Canon EOS-1D X Mark II Brief Review



  • 20.2 megapixel APS-C sensor
  • Low pass filter
  • ISO 200-51200
  • Shutter speed 30 sec. To 1/8000 (plus Bulb)
  • 61-point dual pixel autofocus system
  • Burst mode up to 14 fps (16 fps in Live View) (may vary based on shutter speed, aperture, lens and remaining battery)
  • 14 bit RAW and M and S RAW files
  • 4K video at 60 fps
  • 3.2” LCD
  • GPS
  • Wi-Fi accessory sold separately
  • Records to CF card
  • Weighs 53.97 oz. (1530g)
  • Release Date: 2016-05-01
  • Final Grade: 98 4.9 Star Rating: Recommended

Canon EOS 1D X Mark II offers top speed, video quality
Canon's flagship DSLR is all about speed--boasting burst speeds up to 16 fps and 4K video at 60 fps.
By Hillary Grigonis, Last updated on: 5/8/2016

Canon's 2016 flagship DSLR boasts impressive speeds of up to 16 fps, but that's certainly not all the high-end DSLR offers. As Canon's top offering, it's packed with plenty of features for the most demanding professionals.

Canon bumped up the sensor to a 20 megapixel APS-C option over the older 1 DX's 18. While Nikon has started removing the optical low pass filter for a greater level of detail, instead opting for a random pixel array on the sensor to prevent moire, Canon is keeping theirs in place (and for what it's worth, the filters tend to do better than the sensor pixel rearrangement for fine pattern distortion).

The 1 DX II offers a pretty impressive burst speed, up to 16 fps when using Live View and up to 14 fps with the viewfinder. That's combined with an 81-point autofocus mode that should meet the needs of even the most demanding sports photographers. Shutter speeds hit 1/8000, with a flash sync of 1/250.

But the 1 DX II certainly isn't just about still photos. The camera boasts not just 4K video, but a 60 fps frame rate at that, where most high resolution cameras settle at 30 fps to achieve the 4K.

Canon EOS 1 DX Mark II Vs. Nikon D5

Canon announced their flagship just a few weeks after Nikon revealed the D5. As with past models, the Canon offers the advantage in a few areas, while Nikon offers the top specs in others. The 1 DX II offers 4K video at 60 fps, and while the D5 also offers 4K, that's only at 30 fps. Canon also offers a higher burst speed for stills, with the D5 topping out at 12 fps (14 fps with the mirror locked). Both offer a similar sensor size and megapixel count, though Nikon has eliminated the optical low pass filter.

The D5, though, has up to 152 points in the autofocus system, more than double the 1 DX II's. Nikon has also pushed the ISO limits to over three million, which offers some pretty interesting low light possibilities, though it's debatable how often users will push the ISO that high and how much noise that high setting will create. And while the D5 includes Ethernet for fast transfer speeds, the 1 DX II requires the purchase of an adapter for wi-fi. The Nikon also costs about $500 more.

The Canon 1 DX II is one of the best cameras that lots (and lots) of money can buy. While the Nikon D5 offers a wider ISO range, more autofocus points and Ethernet, the 1D X II is a bit faster and offers a higher frame rate for 4K video.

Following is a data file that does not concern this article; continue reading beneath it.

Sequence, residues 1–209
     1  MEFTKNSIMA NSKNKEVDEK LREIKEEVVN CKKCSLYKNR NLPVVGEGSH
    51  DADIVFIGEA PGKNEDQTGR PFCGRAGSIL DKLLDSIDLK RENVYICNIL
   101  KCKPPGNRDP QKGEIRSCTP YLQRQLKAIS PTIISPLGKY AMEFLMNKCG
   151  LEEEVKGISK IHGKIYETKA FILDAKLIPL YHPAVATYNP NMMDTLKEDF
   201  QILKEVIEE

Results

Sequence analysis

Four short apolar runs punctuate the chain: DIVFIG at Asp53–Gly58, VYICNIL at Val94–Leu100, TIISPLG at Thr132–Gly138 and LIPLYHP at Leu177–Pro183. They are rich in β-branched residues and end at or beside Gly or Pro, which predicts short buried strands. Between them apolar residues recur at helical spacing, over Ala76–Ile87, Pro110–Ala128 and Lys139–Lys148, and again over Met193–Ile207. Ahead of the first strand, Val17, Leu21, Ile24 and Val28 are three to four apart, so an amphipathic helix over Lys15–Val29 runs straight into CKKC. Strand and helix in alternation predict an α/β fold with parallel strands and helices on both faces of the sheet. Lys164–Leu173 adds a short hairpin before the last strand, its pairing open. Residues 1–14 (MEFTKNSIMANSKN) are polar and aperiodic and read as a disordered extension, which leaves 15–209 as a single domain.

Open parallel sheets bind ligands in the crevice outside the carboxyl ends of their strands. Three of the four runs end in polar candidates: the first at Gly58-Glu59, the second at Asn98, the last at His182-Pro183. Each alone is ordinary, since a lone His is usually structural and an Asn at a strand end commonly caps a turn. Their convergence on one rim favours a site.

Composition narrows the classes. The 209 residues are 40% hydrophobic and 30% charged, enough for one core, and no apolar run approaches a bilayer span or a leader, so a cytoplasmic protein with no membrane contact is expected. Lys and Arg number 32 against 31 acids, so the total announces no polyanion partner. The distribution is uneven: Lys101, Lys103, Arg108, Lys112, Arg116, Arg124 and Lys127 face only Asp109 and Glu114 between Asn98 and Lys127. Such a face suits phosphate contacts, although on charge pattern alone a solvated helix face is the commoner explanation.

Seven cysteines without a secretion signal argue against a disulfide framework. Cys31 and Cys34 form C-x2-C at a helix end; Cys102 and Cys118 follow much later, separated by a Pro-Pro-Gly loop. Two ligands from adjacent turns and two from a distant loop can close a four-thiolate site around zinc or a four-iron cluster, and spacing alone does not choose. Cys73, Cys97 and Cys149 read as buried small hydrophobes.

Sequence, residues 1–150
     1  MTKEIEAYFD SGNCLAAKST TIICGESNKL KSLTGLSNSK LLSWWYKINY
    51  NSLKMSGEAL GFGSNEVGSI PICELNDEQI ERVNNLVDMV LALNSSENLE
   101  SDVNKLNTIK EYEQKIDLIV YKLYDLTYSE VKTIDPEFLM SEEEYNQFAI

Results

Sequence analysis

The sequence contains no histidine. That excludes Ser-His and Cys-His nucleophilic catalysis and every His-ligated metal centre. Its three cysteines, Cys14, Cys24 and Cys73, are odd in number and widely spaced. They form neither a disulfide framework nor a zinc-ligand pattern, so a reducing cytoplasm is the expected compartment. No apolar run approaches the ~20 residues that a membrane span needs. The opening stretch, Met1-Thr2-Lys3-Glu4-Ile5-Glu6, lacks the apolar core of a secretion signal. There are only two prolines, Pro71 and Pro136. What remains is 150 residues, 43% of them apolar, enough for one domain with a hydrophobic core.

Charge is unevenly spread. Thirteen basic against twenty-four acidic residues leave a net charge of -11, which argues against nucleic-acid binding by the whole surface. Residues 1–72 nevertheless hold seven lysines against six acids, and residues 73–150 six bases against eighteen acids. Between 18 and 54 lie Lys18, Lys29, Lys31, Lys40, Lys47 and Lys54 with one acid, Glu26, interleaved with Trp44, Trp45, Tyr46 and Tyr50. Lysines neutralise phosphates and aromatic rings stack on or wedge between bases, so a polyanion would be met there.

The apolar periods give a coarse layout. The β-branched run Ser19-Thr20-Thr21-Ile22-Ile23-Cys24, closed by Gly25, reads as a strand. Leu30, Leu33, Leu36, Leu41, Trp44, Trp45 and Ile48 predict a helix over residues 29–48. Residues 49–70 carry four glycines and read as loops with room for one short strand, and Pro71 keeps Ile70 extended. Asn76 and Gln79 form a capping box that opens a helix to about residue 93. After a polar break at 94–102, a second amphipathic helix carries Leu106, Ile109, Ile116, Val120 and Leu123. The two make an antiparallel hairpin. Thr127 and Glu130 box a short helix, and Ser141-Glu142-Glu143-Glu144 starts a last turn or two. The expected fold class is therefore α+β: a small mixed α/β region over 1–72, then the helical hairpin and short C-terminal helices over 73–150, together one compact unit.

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Canon Reviews

Top quality optics, dependability, and convenience of use are just some of the reasons that customers choose Canon digital cameras. One of the top makers of digital cameras in the world today, Canon has attained a reputation for creating some of the best digital cameras and digital SLRs available on the market. Canon cameras are inevitably on the camera wish list of any consumer that desires a high quality camera.

Canon is not generally a cheap brand by any means. In spite of this, Canon digital cameras have achieved the best buy status. This proves that you get great value for the extra money. In the past few years, Canon has begun releasing several types that are more inexpensive, without cutting quality.

Canon cameras come in two main types—the smallest is the Powershot line, compact, point-and-shoot cameras that still maintain a reasonable level of image quality. Canon Powershot cameras range from budget point-and-shoots like the ELPH 115 to an advanced compact with a 1.5” sensor, the G1X Mark II. Typically, if you are going to buy a point-and-shoot on nothing but the reputation of the brand, Canon is a pretty safe bet.

The second type of Canon camera is the EOS line—the DSLRs. The EOS line has a solid reputation as well for performance across the board, including video. Canon has a wide range of options available too, from top of the line full frame professional models to small, entry-level DSLRs.

While other manufacturers are concentrating on mirrorless models and packing more power into smaller cameras, Canon doesn't seem to be following that trend exactly. They've released some smaller DSLRs like the SL1, but haven't been putting time into mirrorless models. Whether this is good or bad is a matter of personal opinion, but the models that are out there are, more often than not, solid performers.

We here at Digital Camera HQ offer unbiased, informative reviews and recommendations to guide you to the right camera. We're not an actual store; we're just here to help you find the perfect camera at the best price possible by using our camera grades. Let us know if you have any problems or questions, we're happy to help.